This is my second Chinese New Year in Brunei (The Engineer’s third), and I am starting to get to know some of the traditions. I even recognise some of the
carols songs that play in the stores. I know that it’s all about red and gold and oranges. I know what some of the foods are, and that they are shared with family and friends at open houses. I know that children are given red envelopes/ang pao that contain money (The Engineer’s Baby received her first last year, before she was even a baby). I know that it’s a lunar holiday and moves each year. I know that people decorate with lanterns and watch lion dances. I know that there are fire works. Oh boy, there are fire works.
These things may be small, but before I came to Brunei, I knew nothing. I had a vague idea of the Chinese zodiac (I was born in the year of the Rat). But I didn’t know much of anything about the celebration. Small town New Zealand doesn’t have a very large Chinese community, so it doesn’t really make an appearance… And I may be learning slowly, but I’m learning.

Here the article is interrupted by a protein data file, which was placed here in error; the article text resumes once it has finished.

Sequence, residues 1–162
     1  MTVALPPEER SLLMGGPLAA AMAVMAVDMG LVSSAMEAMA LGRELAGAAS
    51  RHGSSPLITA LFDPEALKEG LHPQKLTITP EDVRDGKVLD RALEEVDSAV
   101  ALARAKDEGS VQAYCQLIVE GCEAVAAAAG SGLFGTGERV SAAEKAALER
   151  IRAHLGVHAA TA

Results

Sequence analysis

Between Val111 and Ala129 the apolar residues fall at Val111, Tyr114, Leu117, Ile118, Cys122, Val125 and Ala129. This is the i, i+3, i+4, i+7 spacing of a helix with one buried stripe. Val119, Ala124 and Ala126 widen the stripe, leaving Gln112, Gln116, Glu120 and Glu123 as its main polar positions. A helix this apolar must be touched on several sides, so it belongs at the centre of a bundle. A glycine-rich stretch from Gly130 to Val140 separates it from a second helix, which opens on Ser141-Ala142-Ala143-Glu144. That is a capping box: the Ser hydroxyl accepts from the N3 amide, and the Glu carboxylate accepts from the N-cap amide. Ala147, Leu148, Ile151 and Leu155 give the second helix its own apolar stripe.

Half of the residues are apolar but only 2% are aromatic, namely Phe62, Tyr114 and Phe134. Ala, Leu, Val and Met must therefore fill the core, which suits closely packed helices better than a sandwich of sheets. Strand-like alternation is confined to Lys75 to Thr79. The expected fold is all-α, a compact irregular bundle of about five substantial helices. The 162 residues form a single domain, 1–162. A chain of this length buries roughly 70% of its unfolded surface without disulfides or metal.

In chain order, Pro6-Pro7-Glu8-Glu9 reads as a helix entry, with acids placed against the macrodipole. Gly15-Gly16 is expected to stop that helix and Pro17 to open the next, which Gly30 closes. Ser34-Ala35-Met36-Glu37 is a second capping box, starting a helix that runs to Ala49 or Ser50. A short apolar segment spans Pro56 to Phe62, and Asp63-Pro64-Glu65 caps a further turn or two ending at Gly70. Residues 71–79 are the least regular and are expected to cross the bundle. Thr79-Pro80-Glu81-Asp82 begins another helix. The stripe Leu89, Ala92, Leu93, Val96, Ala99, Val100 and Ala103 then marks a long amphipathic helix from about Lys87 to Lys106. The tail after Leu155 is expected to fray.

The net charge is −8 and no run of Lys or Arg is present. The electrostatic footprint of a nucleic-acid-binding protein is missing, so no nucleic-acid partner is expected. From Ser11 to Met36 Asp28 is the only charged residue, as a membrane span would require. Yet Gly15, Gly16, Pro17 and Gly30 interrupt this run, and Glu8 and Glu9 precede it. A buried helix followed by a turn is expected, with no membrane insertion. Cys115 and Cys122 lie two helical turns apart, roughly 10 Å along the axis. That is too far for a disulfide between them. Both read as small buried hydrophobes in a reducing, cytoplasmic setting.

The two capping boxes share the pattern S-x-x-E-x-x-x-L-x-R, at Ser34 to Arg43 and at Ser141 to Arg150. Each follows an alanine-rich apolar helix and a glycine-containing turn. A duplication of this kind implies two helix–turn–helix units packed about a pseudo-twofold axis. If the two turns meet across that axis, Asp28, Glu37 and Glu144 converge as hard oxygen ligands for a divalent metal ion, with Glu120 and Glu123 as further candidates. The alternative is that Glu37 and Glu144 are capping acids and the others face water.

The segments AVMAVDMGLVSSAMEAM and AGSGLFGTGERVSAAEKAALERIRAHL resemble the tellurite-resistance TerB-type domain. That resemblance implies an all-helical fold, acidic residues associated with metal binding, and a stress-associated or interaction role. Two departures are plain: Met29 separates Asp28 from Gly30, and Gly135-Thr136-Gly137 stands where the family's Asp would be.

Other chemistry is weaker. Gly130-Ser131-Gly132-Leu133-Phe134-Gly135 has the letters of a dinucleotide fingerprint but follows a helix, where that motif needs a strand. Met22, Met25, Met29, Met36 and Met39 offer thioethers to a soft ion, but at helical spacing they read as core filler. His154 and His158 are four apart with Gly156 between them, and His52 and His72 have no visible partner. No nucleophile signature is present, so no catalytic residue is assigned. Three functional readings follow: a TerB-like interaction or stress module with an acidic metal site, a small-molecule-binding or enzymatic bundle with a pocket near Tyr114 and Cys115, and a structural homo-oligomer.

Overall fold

This is one of the things I love most about living in Brunei: the chance to learn more about different cultures and the world. Because it’s not only local culture we learn about. I have friends from France, Lithuania, Turkey, Belgium, UK, Netherlands, Canada, Malaysia, and more, and little by little I learn about traditions, food, and culture from all over the world. New Zealand is fairly multi-cultural, so I always felt l was reasonably culturally aware. But being here has made me realise just how wrong I was.
So in this new year, I am pledging to make the most of the opportunity I have here, and to learn as much as I can about the cultures I am exposed to. By the time we ring in the year of the monkey, I hope to know more about not only Chinese New Year, but about all sorts of other traditions from around the world. It’s a goal I’m so excited about. And maybe I’ll even teach some people about New Zealand in the process.
Bring on the year of the Sheep/Goat! Gong Xi Fa Cai!